Would you buy a cell phone if it was really, really, really cool, and could help organize your life, and had web connectivity and GPS and all sorts of other neat stuff, but couldn’t make calls inside your house because of service problems?
Oh — you wouldn’t? Well, screw you, no one cares what you think anyway!
Well, I did it — I went and bought a G1. If you don’t know what a G1 is, it’s Google’s first foray in to the world of cellular telephones — a cell phone, made by a company called HTC, running Google’s Android mobile phone operating system.
It really is a great phone — more like a tiny computer. It links up and syncs completely with your Google account (a great boon for disorganized people like myself — now my cell phone, which is with me always, can remind me of things I set on my computer, which is not with me always).
It has built-in WIFI access, built-in GPS, and to top it all off, the entire thing is running on top of a Linux installation (that you can hack the shit out of if you want to).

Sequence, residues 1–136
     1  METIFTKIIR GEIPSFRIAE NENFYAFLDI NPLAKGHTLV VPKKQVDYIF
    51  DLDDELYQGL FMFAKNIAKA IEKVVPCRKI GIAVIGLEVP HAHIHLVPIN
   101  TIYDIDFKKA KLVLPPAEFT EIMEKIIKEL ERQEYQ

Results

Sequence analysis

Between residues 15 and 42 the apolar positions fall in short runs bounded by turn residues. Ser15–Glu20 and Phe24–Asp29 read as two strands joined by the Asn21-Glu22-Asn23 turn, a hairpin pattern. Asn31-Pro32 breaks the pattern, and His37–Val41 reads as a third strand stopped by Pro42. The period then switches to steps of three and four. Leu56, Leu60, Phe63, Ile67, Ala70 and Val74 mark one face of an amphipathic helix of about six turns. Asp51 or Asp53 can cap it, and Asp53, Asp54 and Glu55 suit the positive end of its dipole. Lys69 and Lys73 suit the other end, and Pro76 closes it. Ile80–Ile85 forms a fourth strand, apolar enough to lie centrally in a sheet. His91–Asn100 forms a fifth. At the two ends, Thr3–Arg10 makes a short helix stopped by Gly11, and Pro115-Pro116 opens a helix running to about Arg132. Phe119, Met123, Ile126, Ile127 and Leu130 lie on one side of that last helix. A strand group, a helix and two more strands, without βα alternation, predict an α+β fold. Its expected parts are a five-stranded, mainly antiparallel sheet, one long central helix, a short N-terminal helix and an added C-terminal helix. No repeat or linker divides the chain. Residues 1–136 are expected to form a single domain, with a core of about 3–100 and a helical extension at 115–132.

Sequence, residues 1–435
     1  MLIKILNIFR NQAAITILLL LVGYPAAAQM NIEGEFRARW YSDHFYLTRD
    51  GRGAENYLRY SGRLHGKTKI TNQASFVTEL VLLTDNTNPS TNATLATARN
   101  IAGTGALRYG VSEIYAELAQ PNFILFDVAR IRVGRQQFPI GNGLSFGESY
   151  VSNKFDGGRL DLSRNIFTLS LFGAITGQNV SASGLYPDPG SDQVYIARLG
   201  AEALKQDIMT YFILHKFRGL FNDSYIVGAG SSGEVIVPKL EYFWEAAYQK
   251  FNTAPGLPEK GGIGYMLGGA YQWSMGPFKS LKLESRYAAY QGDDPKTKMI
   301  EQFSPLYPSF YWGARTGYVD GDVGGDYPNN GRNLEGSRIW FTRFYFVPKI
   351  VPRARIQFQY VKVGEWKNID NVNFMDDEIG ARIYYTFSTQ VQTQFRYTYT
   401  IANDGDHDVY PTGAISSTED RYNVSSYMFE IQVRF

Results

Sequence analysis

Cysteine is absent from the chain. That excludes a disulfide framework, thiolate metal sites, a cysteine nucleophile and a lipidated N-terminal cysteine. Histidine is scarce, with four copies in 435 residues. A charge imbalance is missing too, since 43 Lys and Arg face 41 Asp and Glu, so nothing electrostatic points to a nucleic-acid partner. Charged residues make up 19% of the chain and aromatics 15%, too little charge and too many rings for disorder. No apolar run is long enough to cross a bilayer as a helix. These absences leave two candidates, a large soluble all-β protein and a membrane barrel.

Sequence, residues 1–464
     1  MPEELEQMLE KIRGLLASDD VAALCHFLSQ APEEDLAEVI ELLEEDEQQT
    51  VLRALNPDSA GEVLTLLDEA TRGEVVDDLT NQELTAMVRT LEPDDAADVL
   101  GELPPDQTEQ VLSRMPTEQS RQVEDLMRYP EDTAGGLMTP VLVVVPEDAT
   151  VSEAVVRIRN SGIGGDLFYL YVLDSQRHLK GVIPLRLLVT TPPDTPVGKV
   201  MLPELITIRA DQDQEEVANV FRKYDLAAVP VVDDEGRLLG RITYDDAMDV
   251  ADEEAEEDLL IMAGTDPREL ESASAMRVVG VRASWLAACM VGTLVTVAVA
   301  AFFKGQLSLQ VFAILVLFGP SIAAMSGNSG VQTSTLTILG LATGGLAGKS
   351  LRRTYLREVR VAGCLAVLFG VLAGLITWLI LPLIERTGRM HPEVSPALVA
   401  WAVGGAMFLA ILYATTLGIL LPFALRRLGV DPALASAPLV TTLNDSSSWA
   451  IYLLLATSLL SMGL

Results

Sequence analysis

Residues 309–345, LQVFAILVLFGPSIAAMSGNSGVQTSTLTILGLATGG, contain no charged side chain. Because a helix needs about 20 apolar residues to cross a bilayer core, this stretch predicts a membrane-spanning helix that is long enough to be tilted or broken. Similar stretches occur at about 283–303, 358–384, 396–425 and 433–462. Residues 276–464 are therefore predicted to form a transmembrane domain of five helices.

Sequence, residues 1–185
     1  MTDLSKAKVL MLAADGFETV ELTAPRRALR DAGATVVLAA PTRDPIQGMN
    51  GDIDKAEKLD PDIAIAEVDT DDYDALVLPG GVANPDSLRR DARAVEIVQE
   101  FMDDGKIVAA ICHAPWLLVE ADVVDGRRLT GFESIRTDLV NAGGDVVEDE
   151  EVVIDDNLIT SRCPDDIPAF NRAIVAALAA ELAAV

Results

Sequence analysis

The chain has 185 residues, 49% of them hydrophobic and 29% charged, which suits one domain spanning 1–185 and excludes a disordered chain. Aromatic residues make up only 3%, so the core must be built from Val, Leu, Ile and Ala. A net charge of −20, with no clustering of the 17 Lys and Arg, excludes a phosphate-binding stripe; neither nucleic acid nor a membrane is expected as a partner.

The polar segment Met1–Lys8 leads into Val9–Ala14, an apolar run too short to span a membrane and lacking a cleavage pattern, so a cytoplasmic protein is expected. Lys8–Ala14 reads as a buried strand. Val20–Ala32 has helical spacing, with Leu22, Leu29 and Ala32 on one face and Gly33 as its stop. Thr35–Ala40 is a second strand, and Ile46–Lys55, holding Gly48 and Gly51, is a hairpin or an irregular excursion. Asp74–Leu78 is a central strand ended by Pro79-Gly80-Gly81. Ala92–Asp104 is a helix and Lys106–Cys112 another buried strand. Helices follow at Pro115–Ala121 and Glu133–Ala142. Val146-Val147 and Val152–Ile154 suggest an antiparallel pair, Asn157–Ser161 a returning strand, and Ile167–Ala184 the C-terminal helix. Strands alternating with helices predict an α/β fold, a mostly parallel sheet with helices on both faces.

That being said, there are certain… issues with the G1.
Number one:Â the battery life, or lack thereof. And this isn’t just the usual “Oh, my battery doesn’t last for 15 days, therefore it stinks.” No, no, no. I can fully charge my G1, let it sit there, maybe browse the net a few times, poke around here and there, and 22 hours later it’s dead. And this isn’t even with me even really doing anything on the phone. I’m just practically letting it sit there.
In converse, Nina can sit there with her Blackberry Curve browsing the net, sending SMS, Twittering, and her battery lasts for about three days.
Of course — I can live with that. It’s a powerful device — it needs a lot of power. It’s like a small computer, like I said — if I had a laptop with a battery that lasted for 22 hours, I’d be really happy!
However, here’s the practical dealbreaker — the G1 has no UMA. What’s that, you may ask? It’s a technology that allows (modern) cell phones to make calls over your home’s WIFI internet, using your regular cell phone minutes — it’s kinda of like having a super-strong cell phone tower in your house, with unlimited reception.
Never a dropped call, crystal clear connection — it’s amazing.
More importantly, if you live in an area with poor cell phone reception (say, you can receive calls outside your house but not inside, or you’re roaming inside your house, or whatever), UMA pretty much fixes that.Â And it’s seamless, too — you can make a call inside your house, go outside, and it doesn’t get dropped, and vice-versa.
The G1 not having this, in the area where we live, makes it almost useless inside our home (where I’m spending most of our time if I’m not at work, and thus too busy to use my phone).
(Still deciding what to do about this.)